Thursday, September 07, 2006

In the Blink of an Eye

Hey! What WAS that bird? Just how much credibility can be placed in split-second visual sightings of rare birds, particularly when the identification involves making a decision between two similar species? Much of it depends on the experience of the observer with the two species in question. Much of it also depends on the ability of the human brain to accurately assimilate, store, and recall fleeting images, which probably varies greatly from one person to another.

An interesting discussion on the ID-Frontiers listserv about the identity of a presumed Pacific Golden-Plover (PGP or PGPL) photographed in Utah—a first State record if confirmed—and the difficulty of separating it in the field from the similar American Golden-Plover (AGP or AGPL) resulted in this interesting exchange regarding the ability of observers to make split-second visual identifications in the field:

Excerpted comment by Kevin Karlson:
Without ever looking at plumage, it took about two seconds of seeing the first photo to realize that this was not an American Golden Plover.
Excerpted response from H. Douglass Pratt (Curator of Birds at the North Carolina State Museum of Natural Sciences, and author and illustrator of A Field Guide to the Birds of Hawaii and the Tropical Pacific):
Documenting that first AGP for Hawaii [where PGP is common] is going to be a real challenge, and it’s going to take a lot longer than 2 seconds!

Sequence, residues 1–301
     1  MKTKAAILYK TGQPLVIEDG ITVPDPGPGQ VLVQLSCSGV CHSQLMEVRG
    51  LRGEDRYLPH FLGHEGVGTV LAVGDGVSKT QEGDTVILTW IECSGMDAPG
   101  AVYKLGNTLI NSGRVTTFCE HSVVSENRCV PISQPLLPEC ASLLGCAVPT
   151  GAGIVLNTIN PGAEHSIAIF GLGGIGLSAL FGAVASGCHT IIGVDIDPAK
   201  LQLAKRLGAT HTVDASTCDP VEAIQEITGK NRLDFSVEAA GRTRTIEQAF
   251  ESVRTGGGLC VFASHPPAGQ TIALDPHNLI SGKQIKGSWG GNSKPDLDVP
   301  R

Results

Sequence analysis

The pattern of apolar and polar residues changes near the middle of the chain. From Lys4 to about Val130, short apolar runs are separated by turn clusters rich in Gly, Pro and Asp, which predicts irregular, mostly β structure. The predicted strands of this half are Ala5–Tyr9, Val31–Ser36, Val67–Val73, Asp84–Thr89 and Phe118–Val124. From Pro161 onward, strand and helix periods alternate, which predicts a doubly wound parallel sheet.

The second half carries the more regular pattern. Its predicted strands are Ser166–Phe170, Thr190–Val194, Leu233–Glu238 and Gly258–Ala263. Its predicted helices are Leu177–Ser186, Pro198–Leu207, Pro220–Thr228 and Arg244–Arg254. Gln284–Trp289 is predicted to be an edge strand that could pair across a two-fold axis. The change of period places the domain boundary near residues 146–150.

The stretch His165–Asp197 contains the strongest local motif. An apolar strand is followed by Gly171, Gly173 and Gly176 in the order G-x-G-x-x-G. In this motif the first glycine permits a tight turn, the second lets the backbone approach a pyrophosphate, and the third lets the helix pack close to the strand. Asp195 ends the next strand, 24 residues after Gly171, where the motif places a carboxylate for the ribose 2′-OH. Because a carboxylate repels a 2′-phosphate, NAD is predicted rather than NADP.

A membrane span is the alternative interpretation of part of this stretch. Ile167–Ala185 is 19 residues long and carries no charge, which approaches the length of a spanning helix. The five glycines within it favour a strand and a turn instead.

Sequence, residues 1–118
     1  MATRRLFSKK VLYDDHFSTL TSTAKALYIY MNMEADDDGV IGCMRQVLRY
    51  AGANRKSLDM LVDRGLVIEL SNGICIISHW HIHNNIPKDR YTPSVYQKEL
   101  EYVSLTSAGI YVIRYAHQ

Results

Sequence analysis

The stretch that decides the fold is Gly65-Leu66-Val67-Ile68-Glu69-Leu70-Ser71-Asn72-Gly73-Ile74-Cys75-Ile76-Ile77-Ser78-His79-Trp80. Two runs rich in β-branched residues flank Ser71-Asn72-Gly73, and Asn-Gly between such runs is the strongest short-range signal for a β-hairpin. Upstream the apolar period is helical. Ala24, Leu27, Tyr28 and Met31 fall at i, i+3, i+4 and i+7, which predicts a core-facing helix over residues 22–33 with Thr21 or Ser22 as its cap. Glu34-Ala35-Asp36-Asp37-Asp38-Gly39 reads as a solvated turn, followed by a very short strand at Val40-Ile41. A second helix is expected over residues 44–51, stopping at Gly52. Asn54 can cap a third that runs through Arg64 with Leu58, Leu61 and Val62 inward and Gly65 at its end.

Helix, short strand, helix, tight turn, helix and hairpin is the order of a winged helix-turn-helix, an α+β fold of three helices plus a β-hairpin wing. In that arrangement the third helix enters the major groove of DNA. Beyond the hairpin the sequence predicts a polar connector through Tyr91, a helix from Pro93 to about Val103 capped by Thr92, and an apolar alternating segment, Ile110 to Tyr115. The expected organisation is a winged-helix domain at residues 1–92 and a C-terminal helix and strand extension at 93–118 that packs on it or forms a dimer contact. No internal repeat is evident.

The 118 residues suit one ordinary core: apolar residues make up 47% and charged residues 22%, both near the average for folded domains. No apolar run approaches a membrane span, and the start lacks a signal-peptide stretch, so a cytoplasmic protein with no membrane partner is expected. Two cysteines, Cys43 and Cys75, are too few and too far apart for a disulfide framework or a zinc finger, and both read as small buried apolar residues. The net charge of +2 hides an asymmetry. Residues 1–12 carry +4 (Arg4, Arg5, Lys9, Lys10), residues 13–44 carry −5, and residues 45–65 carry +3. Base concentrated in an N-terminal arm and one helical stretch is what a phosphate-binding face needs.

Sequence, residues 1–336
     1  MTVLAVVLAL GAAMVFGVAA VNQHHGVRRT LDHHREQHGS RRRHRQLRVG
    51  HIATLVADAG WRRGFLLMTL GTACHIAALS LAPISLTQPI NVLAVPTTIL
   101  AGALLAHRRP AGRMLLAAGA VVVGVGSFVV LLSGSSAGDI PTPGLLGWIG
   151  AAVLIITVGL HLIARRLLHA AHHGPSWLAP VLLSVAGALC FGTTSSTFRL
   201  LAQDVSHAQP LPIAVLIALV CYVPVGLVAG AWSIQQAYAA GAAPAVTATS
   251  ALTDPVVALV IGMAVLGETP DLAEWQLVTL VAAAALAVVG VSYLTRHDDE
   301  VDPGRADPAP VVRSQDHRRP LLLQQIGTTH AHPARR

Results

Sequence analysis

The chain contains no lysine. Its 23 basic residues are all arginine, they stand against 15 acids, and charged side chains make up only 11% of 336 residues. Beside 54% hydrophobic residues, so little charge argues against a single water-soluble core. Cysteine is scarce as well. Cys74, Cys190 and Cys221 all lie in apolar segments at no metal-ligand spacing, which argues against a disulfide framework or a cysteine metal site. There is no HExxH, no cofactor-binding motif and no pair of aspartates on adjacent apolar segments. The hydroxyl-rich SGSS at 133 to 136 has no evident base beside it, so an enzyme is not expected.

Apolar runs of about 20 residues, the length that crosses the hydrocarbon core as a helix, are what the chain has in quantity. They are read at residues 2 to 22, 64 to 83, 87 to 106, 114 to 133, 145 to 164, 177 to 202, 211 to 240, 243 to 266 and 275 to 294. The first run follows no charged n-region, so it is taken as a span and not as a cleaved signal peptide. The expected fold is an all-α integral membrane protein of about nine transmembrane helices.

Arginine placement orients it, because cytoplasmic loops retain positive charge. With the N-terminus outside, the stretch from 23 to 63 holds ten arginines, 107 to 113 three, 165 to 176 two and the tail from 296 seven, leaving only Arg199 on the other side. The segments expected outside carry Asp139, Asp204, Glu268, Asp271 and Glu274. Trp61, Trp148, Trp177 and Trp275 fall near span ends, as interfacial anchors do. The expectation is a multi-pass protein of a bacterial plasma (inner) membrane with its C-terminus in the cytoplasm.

Excerpted reply from Karlson:
As for Doug's skeptical inference that 2 seconds is not enough time to accurately document a sighting, he should take a few minutes and browse through Malcolm Gladwell's recent best selling book "Blink", which is a compilation of psychological studies used to prove the increased accuracy of the brain in processing impression-based information in a very short amount of time. The premise of the book is based upon the incredible amount of information that can be gathered in 2 seconds if we allow our brain to process and store impressions without the usual filters used for analyzing information. By nurturing and using what Gladwell calls the 'adaptive unconscious', these impressions eventually create 'after images' in a part of the brain that can be useful in future comparisons of subtly different shaped birds, such as dowitchers, willets, Western and Semipalmated Sandpipers, Sharp-shinned and Cooper's Hawks, and PGPL and AGPL plovers. The visual recognition of these stored combined impressions for a single species CAN be accessed in two seconds time, and often accurately enough to create a very reliable 'first impression'. Part of this process is intuitive as well, but I am not saying that I stop after two seconds. I studied the photos of the Utah bird for over ten minutes, using shape, plumage, molt timing and feather wear together to complete the picture. I was only saying that my first two second view, based on years of stored physical impressions, was eventually proven to be true after further study.
Excerpted reply from Pratt: